In particular, employers should ensure that their I-9 procedures comply with the law and are being properly implemented, and continue to respond to no-match letters received from the Social Security Administration (SSA) consistent with the guidance they receive from SSA about responding to such letters.

By preparing to comply even with the status of the rule uncertain, employers will show that they take this obligation seriously and will be ready to comply immediately if DHS ultimately succeeds in the litigation.


USDA Increases Cotton Crop

In its October crop report, USDA estimated a ’07-08 US cotton crop of 18.2 million bales with a national average yield per harvested acre of 826 pounds, 45 pounds above the five-year average. If realized, the yield would be the third largest on record.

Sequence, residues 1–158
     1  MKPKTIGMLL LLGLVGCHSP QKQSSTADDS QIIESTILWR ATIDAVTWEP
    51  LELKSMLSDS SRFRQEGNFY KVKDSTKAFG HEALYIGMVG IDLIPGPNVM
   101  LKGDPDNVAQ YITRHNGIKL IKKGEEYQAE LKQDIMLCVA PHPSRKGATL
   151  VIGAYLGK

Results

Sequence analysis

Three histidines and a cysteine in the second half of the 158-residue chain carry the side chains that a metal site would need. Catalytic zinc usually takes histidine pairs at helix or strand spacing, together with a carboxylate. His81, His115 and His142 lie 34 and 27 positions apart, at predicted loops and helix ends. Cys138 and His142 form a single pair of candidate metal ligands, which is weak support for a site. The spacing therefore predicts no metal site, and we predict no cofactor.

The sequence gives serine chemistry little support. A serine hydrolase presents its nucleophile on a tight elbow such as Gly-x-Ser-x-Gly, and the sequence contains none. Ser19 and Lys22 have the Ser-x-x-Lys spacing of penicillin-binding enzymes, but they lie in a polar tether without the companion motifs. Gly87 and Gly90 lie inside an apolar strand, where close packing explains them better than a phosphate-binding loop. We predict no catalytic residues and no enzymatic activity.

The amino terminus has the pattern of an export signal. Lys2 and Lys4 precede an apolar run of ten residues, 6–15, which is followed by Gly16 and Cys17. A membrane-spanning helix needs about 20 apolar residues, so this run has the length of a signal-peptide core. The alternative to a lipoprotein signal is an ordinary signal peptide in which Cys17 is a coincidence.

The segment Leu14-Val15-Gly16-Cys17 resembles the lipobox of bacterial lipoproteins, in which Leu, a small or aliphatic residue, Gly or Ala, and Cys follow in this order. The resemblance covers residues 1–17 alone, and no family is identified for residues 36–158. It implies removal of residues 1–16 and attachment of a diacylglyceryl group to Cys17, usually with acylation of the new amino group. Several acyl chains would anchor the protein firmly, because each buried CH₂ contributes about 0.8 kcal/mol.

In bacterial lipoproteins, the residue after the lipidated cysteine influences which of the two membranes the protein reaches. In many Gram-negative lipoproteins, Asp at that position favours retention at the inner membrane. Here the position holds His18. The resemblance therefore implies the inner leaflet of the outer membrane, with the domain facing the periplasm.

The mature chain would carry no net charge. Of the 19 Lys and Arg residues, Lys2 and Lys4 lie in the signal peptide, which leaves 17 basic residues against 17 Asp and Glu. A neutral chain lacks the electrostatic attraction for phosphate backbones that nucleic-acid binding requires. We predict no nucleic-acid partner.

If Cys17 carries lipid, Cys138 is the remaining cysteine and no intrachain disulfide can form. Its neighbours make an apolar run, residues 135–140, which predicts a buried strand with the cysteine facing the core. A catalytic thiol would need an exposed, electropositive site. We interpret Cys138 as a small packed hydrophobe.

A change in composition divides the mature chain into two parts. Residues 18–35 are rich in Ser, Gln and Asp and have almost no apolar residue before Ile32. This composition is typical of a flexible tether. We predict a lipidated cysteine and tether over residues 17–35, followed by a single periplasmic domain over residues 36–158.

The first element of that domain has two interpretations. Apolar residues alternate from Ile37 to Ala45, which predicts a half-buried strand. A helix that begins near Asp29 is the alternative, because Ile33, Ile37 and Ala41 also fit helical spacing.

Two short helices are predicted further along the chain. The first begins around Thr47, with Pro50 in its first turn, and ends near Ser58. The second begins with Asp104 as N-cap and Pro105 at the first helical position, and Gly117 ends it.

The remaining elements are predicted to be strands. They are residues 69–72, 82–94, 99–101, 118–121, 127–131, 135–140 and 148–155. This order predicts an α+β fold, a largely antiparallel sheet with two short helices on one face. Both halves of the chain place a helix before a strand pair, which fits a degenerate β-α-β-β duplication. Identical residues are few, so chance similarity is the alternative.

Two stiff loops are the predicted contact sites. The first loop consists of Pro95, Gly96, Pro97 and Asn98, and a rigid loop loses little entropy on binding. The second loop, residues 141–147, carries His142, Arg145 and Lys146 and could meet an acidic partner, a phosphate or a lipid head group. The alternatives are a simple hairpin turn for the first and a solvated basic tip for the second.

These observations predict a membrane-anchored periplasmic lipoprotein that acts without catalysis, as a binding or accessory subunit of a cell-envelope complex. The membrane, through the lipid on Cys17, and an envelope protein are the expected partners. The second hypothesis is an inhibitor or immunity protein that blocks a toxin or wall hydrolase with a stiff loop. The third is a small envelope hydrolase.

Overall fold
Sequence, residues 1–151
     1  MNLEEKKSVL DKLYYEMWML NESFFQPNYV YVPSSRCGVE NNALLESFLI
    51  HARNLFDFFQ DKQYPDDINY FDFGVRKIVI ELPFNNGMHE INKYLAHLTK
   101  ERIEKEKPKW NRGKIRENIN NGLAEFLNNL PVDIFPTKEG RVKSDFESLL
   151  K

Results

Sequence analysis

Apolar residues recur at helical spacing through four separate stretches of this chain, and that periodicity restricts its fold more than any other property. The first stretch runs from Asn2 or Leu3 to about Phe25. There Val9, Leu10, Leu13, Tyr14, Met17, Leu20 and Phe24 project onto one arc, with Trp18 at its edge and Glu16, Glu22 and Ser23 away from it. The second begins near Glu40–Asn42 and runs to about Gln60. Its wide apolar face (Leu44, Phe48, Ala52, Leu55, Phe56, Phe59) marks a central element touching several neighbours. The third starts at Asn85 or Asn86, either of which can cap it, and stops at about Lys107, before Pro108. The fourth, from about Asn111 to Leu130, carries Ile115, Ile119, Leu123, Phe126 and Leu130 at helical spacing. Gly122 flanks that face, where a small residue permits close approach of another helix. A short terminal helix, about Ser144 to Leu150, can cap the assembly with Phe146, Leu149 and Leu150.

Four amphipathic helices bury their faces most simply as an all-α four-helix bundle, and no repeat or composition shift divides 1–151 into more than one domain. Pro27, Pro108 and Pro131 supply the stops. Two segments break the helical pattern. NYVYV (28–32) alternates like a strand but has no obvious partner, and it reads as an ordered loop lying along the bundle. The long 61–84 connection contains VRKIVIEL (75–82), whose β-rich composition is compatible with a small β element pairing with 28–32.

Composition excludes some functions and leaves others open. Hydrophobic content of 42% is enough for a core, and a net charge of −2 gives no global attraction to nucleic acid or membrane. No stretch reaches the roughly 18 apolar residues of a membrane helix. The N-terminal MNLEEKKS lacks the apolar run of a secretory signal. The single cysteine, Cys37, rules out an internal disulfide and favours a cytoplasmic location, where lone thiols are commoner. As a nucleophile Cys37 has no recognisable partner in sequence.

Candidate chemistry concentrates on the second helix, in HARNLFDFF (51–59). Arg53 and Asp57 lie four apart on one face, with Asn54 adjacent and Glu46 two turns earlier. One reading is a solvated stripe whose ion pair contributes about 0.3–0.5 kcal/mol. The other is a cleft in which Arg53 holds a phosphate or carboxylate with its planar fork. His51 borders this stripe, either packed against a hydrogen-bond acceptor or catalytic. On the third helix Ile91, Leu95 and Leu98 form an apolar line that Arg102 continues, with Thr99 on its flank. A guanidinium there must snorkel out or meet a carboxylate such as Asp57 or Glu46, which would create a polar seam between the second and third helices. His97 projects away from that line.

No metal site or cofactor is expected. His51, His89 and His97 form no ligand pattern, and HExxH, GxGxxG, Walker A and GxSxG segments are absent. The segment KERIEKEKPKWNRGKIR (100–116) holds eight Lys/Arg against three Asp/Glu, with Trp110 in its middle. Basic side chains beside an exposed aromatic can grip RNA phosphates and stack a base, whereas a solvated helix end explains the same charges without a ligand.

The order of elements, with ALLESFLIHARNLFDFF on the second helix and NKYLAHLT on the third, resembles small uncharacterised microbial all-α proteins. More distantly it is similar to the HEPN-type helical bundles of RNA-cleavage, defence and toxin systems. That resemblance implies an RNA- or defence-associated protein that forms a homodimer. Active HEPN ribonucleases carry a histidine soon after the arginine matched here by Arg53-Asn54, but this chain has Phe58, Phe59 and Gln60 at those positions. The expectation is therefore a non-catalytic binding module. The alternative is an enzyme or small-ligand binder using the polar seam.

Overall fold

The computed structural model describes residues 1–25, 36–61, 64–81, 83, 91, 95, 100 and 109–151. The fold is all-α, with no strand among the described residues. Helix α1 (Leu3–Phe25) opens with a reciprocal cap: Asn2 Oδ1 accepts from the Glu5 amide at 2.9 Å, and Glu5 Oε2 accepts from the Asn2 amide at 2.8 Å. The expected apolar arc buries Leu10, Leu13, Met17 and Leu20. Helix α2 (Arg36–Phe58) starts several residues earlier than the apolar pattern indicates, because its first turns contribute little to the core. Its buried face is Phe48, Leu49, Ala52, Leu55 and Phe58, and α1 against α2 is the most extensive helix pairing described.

Upland production was estimated at 17.4 million bales and extra-long staple (ELS) production at 776,000 bales. Harvested area was estimated 10.3 million acres implying a non-harvested area of 300,000 acres based on USDA’s acreage report. The resulting abandonment rate is roughly 2.80%.

On a regional basis, the Southeast crop is estimated at 2.98 million bales, based on harvested acres of 2.21 million and a regional average yield of 647 pounds, 58 pounds below the region’s five-year average.

In the Mid-South, expected production is 5.38 million bales. Harvested area is estimated to be 2.71 million acres and the expected yield 952 pounds per harvested acre.

The Southwest upland crop is an estimated 7.82 million bales. Expected harvested area is 4.91 million acres and the regional average yield is 764 pounds per harvested acre.